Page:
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Dasan already has a plant in the US.
Link Posted: 5/1/2017 10:54:59 PM EDT
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Originally Posted By rb889:


There is no way in hell Ruger or S&W could possibly offer the F90, or any bullpup rifle, for under $1500 MSRP. Street price would be no less than $1200, and that's if they manage to make it cheaply without fucking it up somewhere along the line.

The tooling investment would be a huge undertaking, considering it's a relatively unknown rifle(No one knows what the F90 is, though the Aug is more widely known) being built for a niche market. Even if the rifles can be produced very cheap, they'd spend at least two or three years just paying off the tooling. They won't count on high volume/low margins, they're not willing to take such a risk. They'd rather overcharge for it and make more money off the few sales they do get.

And even if they got the complete design and tooling specifications, I guarantee their BoD would demand that something stupid be done to the design. It always happens with bigger manufacturers.
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Unfortunately I think I am inclined to agree with basically everything you have said here. Especially the second to last sentence.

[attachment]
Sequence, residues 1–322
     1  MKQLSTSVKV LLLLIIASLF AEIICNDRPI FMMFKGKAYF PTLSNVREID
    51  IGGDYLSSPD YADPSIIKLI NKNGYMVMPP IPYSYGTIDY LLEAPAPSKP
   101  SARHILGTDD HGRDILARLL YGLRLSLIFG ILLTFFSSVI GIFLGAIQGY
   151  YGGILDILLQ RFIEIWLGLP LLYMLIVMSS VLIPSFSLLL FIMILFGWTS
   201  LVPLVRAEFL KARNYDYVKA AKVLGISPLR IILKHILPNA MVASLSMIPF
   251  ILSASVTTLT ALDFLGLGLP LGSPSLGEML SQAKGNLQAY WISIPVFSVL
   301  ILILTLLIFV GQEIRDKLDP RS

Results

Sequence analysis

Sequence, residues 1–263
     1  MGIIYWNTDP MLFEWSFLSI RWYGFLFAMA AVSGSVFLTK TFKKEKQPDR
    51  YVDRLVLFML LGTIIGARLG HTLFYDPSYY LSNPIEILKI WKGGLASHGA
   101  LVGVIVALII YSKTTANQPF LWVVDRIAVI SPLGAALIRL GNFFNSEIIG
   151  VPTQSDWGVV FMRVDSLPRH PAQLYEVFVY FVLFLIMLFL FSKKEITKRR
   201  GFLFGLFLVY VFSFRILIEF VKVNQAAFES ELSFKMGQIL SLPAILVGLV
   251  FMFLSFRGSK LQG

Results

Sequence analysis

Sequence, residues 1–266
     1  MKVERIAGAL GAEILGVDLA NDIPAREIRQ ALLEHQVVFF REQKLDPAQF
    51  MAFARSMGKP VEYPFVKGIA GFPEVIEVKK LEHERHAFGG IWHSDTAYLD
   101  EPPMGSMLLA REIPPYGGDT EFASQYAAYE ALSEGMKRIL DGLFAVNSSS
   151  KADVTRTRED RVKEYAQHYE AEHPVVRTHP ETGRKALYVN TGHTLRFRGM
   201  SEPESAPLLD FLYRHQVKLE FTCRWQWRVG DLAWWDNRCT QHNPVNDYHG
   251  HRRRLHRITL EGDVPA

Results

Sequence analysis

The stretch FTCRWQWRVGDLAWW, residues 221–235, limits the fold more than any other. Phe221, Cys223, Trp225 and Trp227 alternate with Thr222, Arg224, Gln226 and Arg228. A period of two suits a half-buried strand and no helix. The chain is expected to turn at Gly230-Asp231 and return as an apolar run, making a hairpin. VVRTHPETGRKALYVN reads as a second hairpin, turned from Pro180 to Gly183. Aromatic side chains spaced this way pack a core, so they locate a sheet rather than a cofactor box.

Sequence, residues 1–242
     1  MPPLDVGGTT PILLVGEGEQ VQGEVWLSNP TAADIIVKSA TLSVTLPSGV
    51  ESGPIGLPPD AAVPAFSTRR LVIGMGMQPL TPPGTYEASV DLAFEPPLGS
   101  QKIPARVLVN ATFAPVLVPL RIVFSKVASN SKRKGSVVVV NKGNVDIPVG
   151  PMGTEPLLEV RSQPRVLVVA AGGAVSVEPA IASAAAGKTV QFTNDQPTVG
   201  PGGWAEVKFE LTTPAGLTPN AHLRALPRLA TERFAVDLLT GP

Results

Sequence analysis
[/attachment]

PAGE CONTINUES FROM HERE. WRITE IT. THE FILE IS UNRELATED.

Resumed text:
Link Posted: 5/1/2017 10:57:23 PM EDT
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Originally Posted By rb889:


There is no way in hell Ruger or S&W could possibly offer the F90, or any bullpup rifle, for under $1500 MSRP. Street price would be no less than $1200, and that's if they manage to make it cheaply without fucking it up somewhere along the line.

The tooling investment would be a huge undertaking, considering it's a relatively unknown rifle(No one knows what the F90 is, though the Aug is more widely known) being built for a niche market. Even if the rifles can be produced very cheap, they'd spend at least two or three years just paying off the tooling. They won't count on high volume/low margins, they're not willing to take such a risk. They'd rather overcharge for it and make more money off the few sales they do get.